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| 3 minutes read

Battle of the brands – what does it take to win in retail, whether you’re born-traditional or born-digital?

In my last article I talked about the challenges facing brands and businesses as marketplaces become more commonplace and how curation is key. This time I would like to reflect on how to win as a brand.

In retail you can split brands into two categories: (1) brands moving to digital and (2) brands born digital. The (obvious) challenge today is that traditional retail brands are trying to stay relevant through higher digital presence, while the brands born digital are often focused on how to scale. In each camp we see clear win themes that everyone can learn from, that will contribute to achieving their broader goal.

Brands moving to digital can win by “pushing” the sale towards their own channels (while acquiring customers though others), allied to a strong multi-channel inventory strategy.

  • Manage over-reliance on marketplaces: Marketplace participation remains attractive but betting the farm on a marketplace risks a compromised brand experience, increased competition on price and lower profitability than sales through owned channels.
  • Embed data analytics to be innovative with loyalty: With the point above in mind, it’s important to find your customers and then create compelling ways to drive them to your own platforms where you are in full control the content and messaging.
  • Pick brand partners carefully: The acceleration of social commerce and macro influencers can be a powerful means to reach defined target audiences quickly to accelerate growth, particularly with regard to younger consumers. However, this approach has the potential for brand erosion if not well-aligned – the potential for third party slip-ups carries a risk, and results can be more difficult to measure outside of your owned data ecosystem.
  • Invest time in inventory management: Flexible inventory management is critical, as well as keeping customers (who are in some cases retailers/marketplaces) happy with the right inventory. Supply and demand planning by channel and customer therefore becomes the most important game to play, which means creating rock-solid partnerships with key suppliers is crucial. 
  • Move metrics to omni-market: Despite the marked uptick in ecommerce activity in the past 18 months, a physical presence remains important – for many “traditional” brands it represents a significant differentiator to their born-digital counterparts. Making the most of the physical alongside digital requires a defined investment strategy that should shift the ROI lens to be omni-market, rather than discrete channel-based metrics that have a narrow field of vision.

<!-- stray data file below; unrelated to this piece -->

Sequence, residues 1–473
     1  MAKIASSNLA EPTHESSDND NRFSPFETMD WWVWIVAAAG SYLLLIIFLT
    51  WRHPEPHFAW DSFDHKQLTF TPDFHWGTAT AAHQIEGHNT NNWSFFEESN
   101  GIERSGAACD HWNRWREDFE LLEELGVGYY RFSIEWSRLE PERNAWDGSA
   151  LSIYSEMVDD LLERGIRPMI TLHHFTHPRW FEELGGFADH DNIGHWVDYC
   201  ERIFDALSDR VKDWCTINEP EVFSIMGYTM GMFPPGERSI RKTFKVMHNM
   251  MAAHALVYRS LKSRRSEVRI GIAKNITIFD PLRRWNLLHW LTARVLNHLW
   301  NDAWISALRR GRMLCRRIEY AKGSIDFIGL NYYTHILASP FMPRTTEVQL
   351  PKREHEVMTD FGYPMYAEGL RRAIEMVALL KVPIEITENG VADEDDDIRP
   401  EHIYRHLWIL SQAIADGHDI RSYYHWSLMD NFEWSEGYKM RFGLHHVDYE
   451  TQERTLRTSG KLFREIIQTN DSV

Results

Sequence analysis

Brands born digital can win through tech-enabled curated product and personalization capabilities, as well as strategic partnerships to compete in traditional retail. 

  • Double down on brilliant basics: Born-digital operating models are leaner, faster and inherently analytically driven. While this enables personalized content to be derived and delivered much more easily than traditional retail, there are likely more challenges lying beneath the customer-facing surface in executing some of the “basics” brilliantly, such as supply and demand planning.
  • Capitalize on deeper data insights: Consumers have elevated their expectations of a highly personalized brand experience, yet many players are struggling to harness the potential that this offers for increasing customer loyalty and propensity to purchase. To get ahead, it’s vital for born-digital brands to develop and maintain differentiated experiences across multiple customer journeys, using their data-driven make-up to curate effectively and deliver experiences that are carefully constructed from these insights.
  • Stay lean: Compelling value propositions could be accomplished by technology partnerships. AI and machine learning solutions like Dataweave and Stylyze can assist attribution and curation for relevant and timely product recommendations, building out the personalized experiences mentioned above. SaaS (Software as a service) allows brands to keep moving at pace and reach greater levels of digital sophistication without the need for labor-intensive and costly proprietary development.
  • Monitor marketing relentlessly: The huge marketing budgets of larger traditional retailers make it difficult for many born-digital brands to compete head-to-head. Given social promotion is such an important tactic for digital brands to create awareness,  consistent analysis of the best areas to invest in marketing from an ROI standpoint is vital. High output and volume are also key to success, but content must still be laser-focused on the most receptive target audiences.
  • Don’t take physical off the table: Born digital brands taking the leap into the “real” world marks a significant milestone and will unlikely be appropriate for every business. However, if the rationale to go into a physical space stacks up, consider starting small as a test-bed and perhaps leverage partnerships with traditional retailers in order to break new ground without breaking the bank.

Tags

born-digital, digital, retail, consumer products

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